PHILADELPHIA – Reed Smith LLP counsel Rachel B. Weil hopes that Lone Pine orders like a recent one requiring plaintiffs in a knee implant multi-district case to submit expert declarations backing up their injury claims become a routine part of the tort litigation process.
Lone Pine orders take their name from a 1986 case, Lore v. Lone Pine Corporation. In that case, a New Jersey court ordered plaintiffs who alleged that they were injured and that their property values suffered as a result of pollution at the Lone Pine landfill to file expert declarations that these factors were tied to the pollution. The court ruled that the expert reports were inadequate and dismissed the claims.
Weil said not enough similar orders have followed the 1986 Lone Pine ruling.
“We who defend manufacturers in mass tort cases believe that every judge should require plaintiffs to satisfy the terms of a Lone Pine order at a relatively early point in the litigation,” Weil told the Pennsylvania Record.
“We hope that more and more judges are realizing the value of Lone Pine orders and that, one day, they will be a routine step in mass tort litigation.”
Weil said one possible reason that Lone Pine orders are not common is that many judges may not be aggressive enough to make plaintiffs prove injury and other tort claims early in the case. In addition, she said Lone Pine orders are not apt to be as common in jurisdictions that have a reputation of being “plaintiff-friendly.”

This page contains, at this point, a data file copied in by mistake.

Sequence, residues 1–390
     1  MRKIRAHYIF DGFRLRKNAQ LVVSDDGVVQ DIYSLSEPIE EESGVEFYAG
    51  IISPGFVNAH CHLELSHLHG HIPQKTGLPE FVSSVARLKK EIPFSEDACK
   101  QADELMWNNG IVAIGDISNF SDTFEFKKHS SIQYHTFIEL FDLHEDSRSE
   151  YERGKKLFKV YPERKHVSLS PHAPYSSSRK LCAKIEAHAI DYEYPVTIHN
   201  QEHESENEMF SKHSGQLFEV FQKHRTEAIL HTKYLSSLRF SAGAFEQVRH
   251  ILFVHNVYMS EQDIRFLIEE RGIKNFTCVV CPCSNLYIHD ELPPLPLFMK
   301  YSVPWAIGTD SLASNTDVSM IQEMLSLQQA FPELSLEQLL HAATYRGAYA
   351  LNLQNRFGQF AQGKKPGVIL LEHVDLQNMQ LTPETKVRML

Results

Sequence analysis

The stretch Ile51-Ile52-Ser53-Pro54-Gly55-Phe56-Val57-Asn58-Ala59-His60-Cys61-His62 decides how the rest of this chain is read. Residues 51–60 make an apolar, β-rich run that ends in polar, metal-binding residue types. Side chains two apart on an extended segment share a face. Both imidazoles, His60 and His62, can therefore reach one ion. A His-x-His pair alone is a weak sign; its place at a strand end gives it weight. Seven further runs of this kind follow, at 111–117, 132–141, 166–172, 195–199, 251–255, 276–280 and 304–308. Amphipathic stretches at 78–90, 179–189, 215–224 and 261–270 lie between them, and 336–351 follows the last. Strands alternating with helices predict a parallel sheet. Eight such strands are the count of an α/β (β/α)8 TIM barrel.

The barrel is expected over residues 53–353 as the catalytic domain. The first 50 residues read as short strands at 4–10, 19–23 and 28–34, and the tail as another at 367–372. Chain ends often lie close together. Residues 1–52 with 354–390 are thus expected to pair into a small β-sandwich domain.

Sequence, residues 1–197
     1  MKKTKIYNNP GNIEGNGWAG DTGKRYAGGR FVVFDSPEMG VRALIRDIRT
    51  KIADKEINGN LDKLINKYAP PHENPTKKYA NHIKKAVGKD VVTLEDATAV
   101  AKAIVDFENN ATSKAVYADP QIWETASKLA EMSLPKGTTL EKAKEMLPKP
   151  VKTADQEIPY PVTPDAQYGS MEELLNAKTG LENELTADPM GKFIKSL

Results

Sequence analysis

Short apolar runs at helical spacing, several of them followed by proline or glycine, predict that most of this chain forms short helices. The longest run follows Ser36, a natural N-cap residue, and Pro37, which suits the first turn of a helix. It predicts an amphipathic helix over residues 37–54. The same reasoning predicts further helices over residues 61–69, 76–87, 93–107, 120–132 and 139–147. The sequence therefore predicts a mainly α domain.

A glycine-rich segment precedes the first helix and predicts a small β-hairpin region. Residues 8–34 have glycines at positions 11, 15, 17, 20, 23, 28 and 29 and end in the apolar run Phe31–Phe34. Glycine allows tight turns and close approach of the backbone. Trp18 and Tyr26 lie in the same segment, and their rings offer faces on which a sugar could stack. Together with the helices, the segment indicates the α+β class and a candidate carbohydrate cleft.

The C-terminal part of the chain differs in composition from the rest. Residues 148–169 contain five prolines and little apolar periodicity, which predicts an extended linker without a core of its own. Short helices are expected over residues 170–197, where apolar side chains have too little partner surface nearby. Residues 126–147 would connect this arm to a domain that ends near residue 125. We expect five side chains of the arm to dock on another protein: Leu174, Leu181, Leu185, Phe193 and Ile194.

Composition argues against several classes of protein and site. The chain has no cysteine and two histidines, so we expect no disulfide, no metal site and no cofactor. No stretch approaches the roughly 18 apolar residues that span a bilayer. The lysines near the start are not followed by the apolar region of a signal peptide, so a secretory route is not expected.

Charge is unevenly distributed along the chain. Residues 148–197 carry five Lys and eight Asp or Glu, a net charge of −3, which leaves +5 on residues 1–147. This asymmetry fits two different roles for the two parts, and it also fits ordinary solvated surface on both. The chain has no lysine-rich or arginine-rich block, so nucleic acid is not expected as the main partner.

Weil said some Lone Pine orders require plaintiffs to meet higher proof thresholds to avoid dismissal of their claims, while others have requirements that are not as stringent. She said the orders, in general, require that plaintiffs demonstrate that they were exposed to the agent alleged to have caused injury, such as a drug, a medical device or a contaminated area, and that they have in fact been injured.
“The best orders go further than this, requiring some proof that the substance in question caused the plaintiffs’ injuries,” Weil said. “This proof may be in the form of an expert affidavit or expert report establishing medical causation. It seems that increasing numbers of orders are requiring proof of this causal connection.”
Weil said defense lawyers would like to see all mass tort judges require compliance with Lone Pine orders as part of their routine pretrial procedures, dismissing the cases of plaintiffs who refuse to comply in a timely fashion or who cannot produce the required proof.
“It is axiomatic that a product liability/toxic tort plaintiff should not be able to recover money from a defendant without proving exposure, injury and causation,” Weil said. “Lone Pine orders do no more than require plaintiffs to demonstrate that they can prove the elements of their cases, and they do it before the parties and the court have expended the large amounts of time and money always wasted on meritless claims filed in mass tort cases.”
In the recent order, the judge in a Zimmer Nexgen knee implant lawsuit said existing plaintiffs must provide expert declarations backing up their claims by Sept. 1.
Plaintiffs who miss that deadline must submit their expert reports by Oct. 21 and explain to the court why the deadline was not met. Plaintiffs who fail to file their reports by Nov. 4 will have their cases dismissed. New plaintiffs joining the lawsuit will have 180 days after filing to submit their reports.